That 2016 season was easily his best in a Utah uniform. He threw 109 innings over 16 starts, all the while sporting a 2.89 ERA and a .205 opponent batting average, to go along with 106 punch outs. He seemed to wear down as the Utes got into postseason play, but there’s no doubting how big a role he played in getting his team into a regional.
Now, that’s not to say that he wasn’t reliable in his other seasons in Salt Lake City, because he most certainly was. In 2015, he threw 84 innings over 15 starts. He had a 3.54 ERA, 68 strikeouts, and a .263 opponent batting average. Then, to end his career in 2017, he had a 3.35 ERA, 82 strikeouts, and a .241 opponent batting average in 94 innings across 15 starts.
After the season, he was an eighth-round selection of the Milwaukee Brewers, leaving Utah with huge shoes to fill on the weekends.
Colton Hock – Stanford
This list is littered with guys who had incredible consistency, durability, and longevity for their respective programs. Perhaps they didn’t always have eye-popping stats that jumped off the page, but each of them were contributors from the beginning of their careers all the way to the end.
Colton Hock is a little bit different in this way. In his first season, 2015, he struggled a little bit. He had a 5.25 ERA, he allowed six homers in 36 innings of work, he uncorked seven wild pitches, and his 20 walks were probably more than he would have wanted.
The 2016 season was a different story, however, as he emerged as nothing short of one of the most dominant closers in the country. He threw 57.2 innings over 27 appearances, all of which were in relief. He had a 2.03 ERA, 61 strikeouts, six saves, and a .186 opponent batting average.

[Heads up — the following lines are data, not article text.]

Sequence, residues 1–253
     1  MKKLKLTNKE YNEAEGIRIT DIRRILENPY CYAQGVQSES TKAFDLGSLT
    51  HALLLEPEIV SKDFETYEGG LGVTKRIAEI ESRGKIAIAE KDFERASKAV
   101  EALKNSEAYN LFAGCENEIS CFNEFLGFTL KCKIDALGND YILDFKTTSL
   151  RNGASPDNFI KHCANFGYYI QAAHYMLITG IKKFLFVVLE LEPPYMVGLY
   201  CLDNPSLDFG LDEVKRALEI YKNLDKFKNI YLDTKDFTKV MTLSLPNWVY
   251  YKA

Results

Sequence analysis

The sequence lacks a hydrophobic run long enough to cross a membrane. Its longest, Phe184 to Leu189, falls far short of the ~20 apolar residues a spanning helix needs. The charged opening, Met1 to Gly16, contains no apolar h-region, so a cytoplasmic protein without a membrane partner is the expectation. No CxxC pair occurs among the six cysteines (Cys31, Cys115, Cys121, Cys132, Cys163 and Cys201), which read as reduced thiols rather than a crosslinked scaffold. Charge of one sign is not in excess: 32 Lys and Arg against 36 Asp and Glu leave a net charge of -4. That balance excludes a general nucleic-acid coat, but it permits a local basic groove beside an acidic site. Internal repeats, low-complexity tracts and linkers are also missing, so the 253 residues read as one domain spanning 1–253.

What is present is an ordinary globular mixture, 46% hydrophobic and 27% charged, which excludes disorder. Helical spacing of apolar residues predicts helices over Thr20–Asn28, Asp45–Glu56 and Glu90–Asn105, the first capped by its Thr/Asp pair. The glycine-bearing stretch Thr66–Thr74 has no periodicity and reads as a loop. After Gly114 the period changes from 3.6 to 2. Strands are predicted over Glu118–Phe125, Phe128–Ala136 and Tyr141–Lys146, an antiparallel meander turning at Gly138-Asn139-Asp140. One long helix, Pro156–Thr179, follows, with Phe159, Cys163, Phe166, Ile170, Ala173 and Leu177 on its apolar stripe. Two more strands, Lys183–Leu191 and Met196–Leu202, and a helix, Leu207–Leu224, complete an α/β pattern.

In 2017, he came back and put up similar numbers. He once again appeared in 27 games, this time throwing 47.2 innings. He had a 2.08 ERA, 16 saves, a 35/11 strikeout-to-walk ratio, and he limited hitters to a .211 batting average.
In 2018, Stanford will get Tristan Beck back in the rotation after he missed all of 2017 due to injury, and the likes of Kris Bubic and Erik Miller will give new head coach Dave Esquer plenty of options in the rotation, but they’ll have questions to answer without Hock on the back end of the bullpen to close things out.
Honorable mentions, in no particular order
J.J. Matijevic- Arizona
Joey Morgan- Washington
Quinn Brodey- Stanford
Jake Thompson- Oregon State
Noah Bremer- Washington
Dallas Carroll- Utah
Brett Hanewich- Stanford
Chris Castellanos- Stanford
Eder Erives- Arizona State